In this video, I am going to show you how to use Excel to calculate

the expected value and standard deviation for discrete random variables,

and this is the example I'm using.

The manager of a convenience store wants to

understand the demand for one of the products she

sells so that she can make a better decision on how many to stock every day.

She has the following data gathered over several weeks.

Based on this data,

what is the value of expected demand and its standard deviation?

So, what we have is that a table that shows the demand has gone anywhere between 1-20,

and we can see over the time that she studied

how many times demand for this item was just only one.

So, the three times there was only one,

10 times it was two and so on.

So, let me go to the next tab that I only have the data and show you how we will do it.

First thing I need to do is find the probability of each.

So, I'm going to create here for that.

In order for me to answer this question,

I have to know how many times daily demand of one occurred over this total period.

So, what I need to find out is first of all,

what is the sum of all the currencies.

The sum of all occurrences,

is just sum of the column right here,

so I'm going to hold Control+Shift,

parentheses and close it and we have total of a 140 different types of occurrences.

So, then this is simply three out of 140 was daily demand of one.

So, I can B2 divided by 140.

That this 140 is going to be a value that I will use for every type of daily demand.

So, I'm going to use the same thing in the denominator when daily demand is two,

when daily demand is three and so on.

To make it easy for me to copy and paste,

this 140 is not going to change,

so what I can do is that we can press function F4 and you would see that

the dollar signs are appearing between each value of i and one.

That means that cell is going to be locked.

So, when I press return and I copy this down,

you would see that in the next one again B3 in this one,

B3 is being divided by the same number, 140.

So, 140 is going to say the same as I copy this.

So, now that I have that the easiest way to copy this to put your cursor in the corner,

as you see that plus sign appears,

just double-click and it will fill the whole thing for you.

You want to make a double sure that you have done nothing wrong.

So remember, all probability should sum up to one.

So, if I sum this column then I should get

a value of one otherwise I have left something out.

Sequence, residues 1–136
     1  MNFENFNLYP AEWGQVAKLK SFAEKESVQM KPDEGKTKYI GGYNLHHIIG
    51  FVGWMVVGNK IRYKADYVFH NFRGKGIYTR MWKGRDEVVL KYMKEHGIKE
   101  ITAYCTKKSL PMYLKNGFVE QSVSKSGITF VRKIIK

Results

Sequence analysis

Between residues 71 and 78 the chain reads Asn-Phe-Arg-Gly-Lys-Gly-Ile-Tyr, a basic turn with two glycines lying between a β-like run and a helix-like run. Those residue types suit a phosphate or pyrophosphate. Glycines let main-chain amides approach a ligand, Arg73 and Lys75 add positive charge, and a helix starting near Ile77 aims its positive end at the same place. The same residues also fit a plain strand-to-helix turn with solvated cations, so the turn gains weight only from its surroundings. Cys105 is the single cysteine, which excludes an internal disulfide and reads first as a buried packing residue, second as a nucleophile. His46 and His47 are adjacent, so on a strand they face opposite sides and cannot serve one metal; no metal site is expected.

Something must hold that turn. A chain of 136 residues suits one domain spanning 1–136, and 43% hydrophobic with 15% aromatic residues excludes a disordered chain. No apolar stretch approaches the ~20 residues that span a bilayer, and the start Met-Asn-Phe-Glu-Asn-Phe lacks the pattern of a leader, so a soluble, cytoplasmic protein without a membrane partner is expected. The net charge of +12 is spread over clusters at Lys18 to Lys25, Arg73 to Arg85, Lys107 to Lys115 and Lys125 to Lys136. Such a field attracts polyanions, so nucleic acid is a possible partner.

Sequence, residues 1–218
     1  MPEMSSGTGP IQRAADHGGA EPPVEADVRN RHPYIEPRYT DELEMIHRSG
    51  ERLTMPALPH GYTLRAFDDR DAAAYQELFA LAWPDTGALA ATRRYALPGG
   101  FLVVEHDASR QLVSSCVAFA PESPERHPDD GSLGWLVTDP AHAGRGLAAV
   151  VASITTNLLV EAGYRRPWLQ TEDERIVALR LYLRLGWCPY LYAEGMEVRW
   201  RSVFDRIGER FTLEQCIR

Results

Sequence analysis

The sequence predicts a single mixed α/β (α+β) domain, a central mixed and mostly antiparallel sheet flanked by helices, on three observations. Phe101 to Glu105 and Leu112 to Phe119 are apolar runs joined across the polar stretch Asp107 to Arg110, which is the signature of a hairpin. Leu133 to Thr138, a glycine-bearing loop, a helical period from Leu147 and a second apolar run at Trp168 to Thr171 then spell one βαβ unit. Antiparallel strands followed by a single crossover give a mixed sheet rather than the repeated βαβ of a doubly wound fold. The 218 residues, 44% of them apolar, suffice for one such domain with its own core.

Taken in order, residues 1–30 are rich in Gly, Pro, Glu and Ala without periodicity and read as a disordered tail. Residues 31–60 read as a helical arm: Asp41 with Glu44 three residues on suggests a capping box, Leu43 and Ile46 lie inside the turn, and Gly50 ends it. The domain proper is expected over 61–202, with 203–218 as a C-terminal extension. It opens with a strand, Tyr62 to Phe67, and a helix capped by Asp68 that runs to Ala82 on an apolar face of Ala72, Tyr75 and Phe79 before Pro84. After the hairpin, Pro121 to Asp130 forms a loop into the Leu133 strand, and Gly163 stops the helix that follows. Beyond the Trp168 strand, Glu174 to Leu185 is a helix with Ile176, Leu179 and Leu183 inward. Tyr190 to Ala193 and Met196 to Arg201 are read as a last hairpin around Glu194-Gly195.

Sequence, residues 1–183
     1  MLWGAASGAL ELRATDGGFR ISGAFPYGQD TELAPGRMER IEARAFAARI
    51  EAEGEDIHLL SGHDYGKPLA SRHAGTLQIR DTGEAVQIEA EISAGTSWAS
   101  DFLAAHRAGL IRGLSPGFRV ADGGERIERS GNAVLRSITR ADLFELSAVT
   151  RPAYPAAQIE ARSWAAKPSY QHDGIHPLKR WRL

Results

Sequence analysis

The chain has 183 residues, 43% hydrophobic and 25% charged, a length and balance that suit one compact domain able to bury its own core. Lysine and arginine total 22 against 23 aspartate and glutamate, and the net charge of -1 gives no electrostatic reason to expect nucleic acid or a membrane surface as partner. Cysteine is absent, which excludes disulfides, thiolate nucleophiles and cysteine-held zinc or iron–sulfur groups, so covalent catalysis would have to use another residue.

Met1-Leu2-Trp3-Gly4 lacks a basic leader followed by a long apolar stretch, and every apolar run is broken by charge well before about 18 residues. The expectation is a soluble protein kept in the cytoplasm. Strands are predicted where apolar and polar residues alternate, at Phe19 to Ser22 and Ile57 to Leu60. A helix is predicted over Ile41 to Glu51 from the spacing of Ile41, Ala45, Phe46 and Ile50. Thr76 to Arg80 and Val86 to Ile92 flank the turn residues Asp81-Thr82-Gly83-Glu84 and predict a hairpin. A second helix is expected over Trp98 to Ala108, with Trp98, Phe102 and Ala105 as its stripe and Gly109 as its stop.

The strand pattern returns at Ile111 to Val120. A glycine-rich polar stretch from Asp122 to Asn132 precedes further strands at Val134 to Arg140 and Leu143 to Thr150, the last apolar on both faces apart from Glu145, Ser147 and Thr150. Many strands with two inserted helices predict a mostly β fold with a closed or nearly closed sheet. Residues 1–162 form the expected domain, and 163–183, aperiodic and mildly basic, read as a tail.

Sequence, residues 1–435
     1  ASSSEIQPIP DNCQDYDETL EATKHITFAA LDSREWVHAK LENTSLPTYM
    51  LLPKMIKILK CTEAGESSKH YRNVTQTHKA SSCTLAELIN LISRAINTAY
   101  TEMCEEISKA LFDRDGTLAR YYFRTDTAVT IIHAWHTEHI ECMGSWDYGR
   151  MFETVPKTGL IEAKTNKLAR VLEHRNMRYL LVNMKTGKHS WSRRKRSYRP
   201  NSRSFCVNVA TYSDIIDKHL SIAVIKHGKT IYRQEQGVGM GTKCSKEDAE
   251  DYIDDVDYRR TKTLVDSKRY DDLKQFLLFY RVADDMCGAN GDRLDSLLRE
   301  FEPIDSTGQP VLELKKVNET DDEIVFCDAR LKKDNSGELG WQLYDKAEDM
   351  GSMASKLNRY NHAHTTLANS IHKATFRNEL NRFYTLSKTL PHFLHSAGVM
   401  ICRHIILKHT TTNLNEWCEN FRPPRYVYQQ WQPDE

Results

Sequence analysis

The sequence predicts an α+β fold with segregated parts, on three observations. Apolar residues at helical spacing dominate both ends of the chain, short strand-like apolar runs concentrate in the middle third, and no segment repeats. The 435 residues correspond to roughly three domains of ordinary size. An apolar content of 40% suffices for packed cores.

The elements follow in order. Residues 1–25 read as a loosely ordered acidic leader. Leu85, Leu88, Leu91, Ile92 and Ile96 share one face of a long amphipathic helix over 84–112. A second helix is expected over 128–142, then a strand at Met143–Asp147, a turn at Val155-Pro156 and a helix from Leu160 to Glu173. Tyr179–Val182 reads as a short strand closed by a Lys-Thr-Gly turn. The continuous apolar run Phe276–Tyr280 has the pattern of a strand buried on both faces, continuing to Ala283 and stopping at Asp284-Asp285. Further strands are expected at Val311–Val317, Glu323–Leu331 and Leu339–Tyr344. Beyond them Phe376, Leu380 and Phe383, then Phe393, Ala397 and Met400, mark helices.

So, I'm going to double-check

and I pick the entire column and sure enough it adds up to one.

So, I have accounted for all the probabilities.

Now, that I have done this,

the expected value is simply

the daily demand multiplied by its probability of occurrence,

summed up to the next one,

multiplied by its probability and so on.

So, what we want to do is that take the values from this column and one by one,

multiplying them by their corresponding value that they

see in the probability and then sum as we go along.

This is something we have in Excel done for us automatically,

it is known as the SUMPRODUCT.

So, SUMPRODUCT takes two array,

and in this case, our array is our daily demand,

so am going to pick all the values that show up in our daily demand and scroll back up

and the second array is the probability of each of these daily demands occurring.

So, I will do the same thing,

close the parentheses and return.

So, therefore our expected value,

the mean demand is 11.49 but this is only part of the answer.

What is the variability of demand that we experience?

For that we need to calculate the standard deviation.

This is the equation for the standard deviation.

So, what I need for the standard deviation is first of all,

calculate what is x

each daily demand occurrence minus mu squared and then multiplying it by its probability.

Let me just do that by creating a column here that I will

call x minus mu raised to the power of two.

So, this would be basically for each column.

It will be this value,

minus the expected value or the mean

and this is something that I'm going to use as I go along.

So, I'm going to lock the location by by pressing

F4 and then raise this to the power of two.

So, if I now drag this down,

you will see what happens.

In the next one,

location of A3 has become updated but I4,

where is the mu has remained locked.

So, it's going to be repeated.

So, now that I know this is right,

I can put my cursor here when I see the cross here, double-click.

So, now I can calculate my standard deviation,

and once again this is going to be a SUMPRODUCT of which columns,

x minus mu times the probability and then square root of the whole thing.

So, I'm going to say square root of the SUMPRODUCT,

the array one is x minus mu and just I'm

following the formula and array two are the probabilities.

So, here we go.

These are my square root of SUMPRODUCT of values

in this column multiplied by this column and summed up as we've gone along.

Exactly what we need here.

So, when I return I see that the standard deviation is 6.205.

So, if I think about one standard deviation away, so what is that?

One standard deviation away is this value loss 6.205 and this value minus.

So, 68 percent of the time

the demand is actually between something between 17 and five roughly.

So, while it is good to know average,

standard deviation will tell you what is the variability that you will

notice in that average on a long term basis.